Something exciting happened on Twitter yesterday. The result is the #JWA100. Unlike the #JTA100, the #JWA100 is not a contest. It does not measure or rank tweeters, nor is it limited to100 people. The #JWA100 is simply a list of more than 100 Jewish women who tweet -- and it's still growing.
Just last week, your grandmother was at Dr. Finklestein's office for her regular teeth cleaning and Sarah, the dental hygenist, told her all about her nephew who just met the nicest Jewish girl on JDate. Can you believe it? JDate! You know, you should really try JDate. You're not getting any younger, you know.
A few weeks ago I announced to the world, well my Facebook world, that I had just had the most perfect weekend. EVER. My wonderfully amazing girlfriends immediately asked the obvious question: What happened?!
Feeling embarrassed and slightly blushing, but only to Jason, I realized that it did indeed look like I had wanted everyone to ask so I could announce…something. Something amazing. Wonderful. Life changing, even. Except, you know what? I didn’t actually have anything to share.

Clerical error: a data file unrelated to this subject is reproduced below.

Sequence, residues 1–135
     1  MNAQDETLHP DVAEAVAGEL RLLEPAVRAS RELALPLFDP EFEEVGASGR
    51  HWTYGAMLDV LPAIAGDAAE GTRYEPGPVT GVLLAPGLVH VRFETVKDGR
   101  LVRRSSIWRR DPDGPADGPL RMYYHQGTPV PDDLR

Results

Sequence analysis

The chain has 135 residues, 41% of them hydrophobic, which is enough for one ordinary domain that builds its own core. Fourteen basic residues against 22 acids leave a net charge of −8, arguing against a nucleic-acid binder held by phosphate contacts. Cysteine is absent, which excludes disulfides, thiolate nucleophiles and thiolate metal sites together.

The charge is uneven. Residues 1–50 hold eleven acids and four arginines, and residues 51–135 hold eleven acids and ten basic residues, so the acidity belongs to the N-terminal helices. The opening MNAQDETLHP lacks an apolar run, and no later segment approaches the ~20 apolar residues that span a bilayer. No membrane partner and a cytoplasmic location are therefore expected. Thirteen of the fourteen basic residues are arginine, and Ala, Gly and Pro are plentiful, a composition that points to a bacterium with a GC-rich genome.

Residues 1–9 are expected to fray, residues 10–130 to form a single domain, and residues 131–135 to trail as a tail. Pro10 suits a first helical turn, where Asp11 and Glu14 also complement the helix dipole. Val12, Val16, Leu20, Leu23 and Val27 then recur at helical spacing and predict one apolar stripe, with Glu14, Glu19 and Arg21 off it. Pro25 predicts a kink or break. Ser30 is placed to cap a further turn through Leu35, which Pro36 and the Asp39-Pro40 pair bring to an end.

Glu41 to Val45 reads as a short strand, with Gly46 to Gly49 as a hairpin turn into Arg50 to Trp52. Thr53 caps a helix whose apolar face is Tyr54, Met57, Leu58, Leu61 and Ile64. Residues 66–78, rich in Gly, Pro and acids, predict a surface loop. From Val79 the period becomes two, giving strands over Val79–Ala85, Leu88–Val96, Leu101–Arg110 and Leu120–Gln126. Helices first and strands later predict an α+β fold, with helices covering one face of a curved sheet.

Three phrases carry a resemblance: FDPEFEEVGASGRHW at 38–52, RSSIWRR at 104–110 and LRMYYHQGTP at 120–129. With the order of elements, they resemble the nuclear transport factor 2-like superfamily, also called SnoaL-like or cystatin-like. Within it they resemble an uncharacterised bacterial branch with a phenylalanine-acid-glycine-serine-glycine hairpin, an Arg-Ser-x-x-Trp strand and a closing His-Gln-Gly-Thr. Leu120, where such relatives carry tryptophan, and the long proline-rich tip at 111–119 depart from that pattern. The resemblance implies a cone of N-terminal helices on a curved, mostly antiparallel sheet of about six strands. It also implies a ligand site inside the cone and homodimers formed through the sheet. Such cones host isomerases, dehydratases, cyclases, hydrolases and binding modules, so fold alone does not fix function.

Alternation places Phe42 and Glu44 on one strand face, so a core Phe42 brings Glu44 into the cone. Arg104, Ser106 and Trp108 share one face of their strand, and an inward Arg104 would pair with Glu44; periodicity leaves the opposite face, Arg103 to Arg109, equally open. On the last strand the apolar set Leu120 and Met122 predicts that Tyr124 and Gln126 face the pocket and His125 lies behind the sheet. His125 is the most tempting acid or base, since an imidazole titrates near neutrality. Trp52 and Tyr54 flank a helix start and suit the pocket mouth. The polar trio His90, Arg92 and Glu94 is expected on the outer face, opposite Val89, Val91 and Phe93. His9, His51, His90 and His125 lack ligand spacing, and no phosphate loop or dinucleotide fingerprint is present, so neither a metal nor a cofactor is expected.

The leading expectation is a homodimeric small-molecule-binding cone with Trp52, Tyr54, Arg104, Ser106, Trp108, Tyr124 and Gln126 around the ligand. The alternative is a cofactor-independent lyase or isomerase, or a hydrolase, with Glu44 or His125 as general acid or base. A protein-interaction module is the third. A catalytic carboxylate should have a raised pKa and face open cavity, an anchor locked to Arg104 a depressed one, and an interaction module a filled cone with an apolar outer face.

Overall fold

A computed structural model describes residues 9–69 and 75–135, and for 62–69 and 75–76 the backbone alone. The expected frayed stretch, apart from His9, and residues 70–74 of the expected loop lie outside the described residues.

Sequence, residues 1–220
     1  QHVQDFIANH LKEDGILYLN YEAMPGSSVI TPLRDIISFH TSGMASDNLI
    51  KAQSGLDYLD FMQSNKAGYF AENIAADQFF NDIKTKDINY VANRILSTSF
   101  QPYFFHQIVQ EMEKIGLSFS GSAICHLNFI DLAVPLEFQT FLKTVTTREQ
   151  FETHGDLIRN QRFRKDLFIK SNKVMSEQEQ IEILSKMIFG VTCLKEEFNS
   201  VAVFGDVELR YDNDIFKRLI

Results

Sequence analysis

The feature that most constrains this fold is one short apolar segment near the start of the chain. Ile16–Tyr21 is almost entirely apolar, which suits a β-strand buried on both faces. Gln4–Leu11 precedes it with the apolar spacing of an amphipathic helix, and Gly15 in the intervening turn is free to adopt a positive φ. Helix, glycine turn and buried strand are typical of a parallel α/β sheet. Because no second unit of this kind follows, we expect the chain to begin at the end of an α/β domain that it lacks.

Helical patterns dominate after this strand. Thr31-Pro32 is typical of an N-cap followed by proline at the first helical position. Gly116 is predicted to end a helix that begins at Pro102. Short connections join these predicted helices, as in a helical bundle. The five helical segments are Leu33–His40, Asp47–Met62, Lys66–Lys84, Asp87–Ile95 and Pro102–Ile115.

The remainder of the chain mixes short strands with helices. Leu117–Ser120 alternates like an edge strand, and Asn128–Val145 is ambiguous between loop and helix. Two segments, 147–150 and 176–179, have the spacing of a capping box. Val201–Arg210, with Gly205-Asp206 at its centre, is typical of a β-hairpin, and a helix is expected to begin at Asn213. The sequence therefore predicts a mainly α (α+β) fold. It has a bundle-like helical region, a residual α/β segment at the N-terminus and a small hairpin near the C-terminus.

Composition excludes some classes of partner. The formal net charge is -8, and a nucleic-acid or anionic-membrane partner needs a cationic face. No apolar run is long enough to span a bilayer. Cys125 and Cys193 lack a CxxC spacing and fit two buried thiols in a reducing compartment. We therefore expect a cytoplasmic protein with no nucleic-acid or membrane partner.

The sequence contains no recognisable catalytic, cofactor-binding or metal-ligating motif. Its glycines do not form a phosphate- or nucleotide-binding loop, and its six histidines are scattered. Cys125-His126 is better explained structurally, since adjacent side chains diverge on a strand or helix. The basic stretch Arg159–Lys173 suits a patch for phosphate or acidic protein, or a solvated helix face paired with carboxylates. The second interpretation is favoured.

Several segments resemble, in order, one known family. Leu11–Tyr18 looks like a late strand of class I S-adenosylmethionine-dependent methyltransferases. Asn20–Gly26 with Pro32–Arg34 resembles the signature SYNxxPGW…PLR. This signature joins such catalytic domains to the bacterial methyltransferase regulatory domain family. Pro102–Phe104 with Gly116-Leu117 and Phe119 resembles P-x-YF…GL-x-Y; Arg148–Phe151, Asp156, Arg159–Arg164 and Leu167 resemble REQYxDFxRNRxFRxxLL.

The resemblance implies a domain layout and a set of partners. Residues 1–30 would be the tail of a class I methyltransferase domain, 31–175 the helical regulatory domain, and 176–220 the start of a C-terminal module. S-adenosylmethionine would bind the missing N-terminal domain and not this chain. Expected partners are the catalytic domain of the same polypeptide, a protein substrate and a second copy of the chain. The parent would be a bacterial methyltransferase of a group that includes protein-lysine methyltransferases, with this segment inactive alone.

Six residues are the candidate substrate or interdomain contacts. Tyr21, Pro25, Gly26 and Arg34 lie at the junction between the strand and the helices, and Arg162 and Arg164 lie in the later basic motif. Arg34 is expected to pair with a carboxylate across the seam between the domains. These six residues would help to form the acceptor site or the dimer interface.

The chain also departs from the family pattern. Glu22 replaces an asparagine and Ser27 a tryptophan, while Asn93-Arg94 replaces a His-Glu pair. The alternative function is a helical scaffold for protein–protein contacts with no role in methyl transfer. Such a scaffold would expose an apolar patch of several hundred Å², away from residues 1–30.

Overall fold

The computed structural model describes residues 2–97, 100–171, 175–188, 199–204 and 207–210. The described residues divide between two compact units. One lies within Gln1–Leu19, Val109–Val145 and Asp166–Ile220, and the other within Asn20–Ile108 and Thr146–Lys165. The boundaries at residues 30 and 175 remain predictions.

Earlier this week I listened in on the “Technology and Jewish Education” conference organized by the Lippman Kanfer Institute and Berman Jewish Policy Archive @ NYU Wagner, held at the JESNA offices in New York. I heard many familiar themes: Jewish education is underfunded, and in particular Jewish educators lack both resources and training to take advantage of technology.
Today I got a curious message titled "Breast Cancer Awareness" in my inbox on Facebook. It instructed me to update my status to say the color of my bra, and asked me to spread the word to my lady friends only. It struck me as an odd way to show support for breast cancer awareness, but I decided to play along.
Throughout the day, I saw the number of status updates reading simply "black" or "hot pink" increase throughout the day, accompanied by comments by confused and frustrated male friends asking, "What does it mean???" I was pretty surprised to see how quickly the message spread throughout the Facebook universe. (Behold the power of social media!)
And as this was happening, and will continue to happen, I couldn't help but wonder what Ida Cohen Rosenthal -- co-founder of Maidenform -- would think of the fact that the bra is quickly becoming a symbol of breast cancer awareness.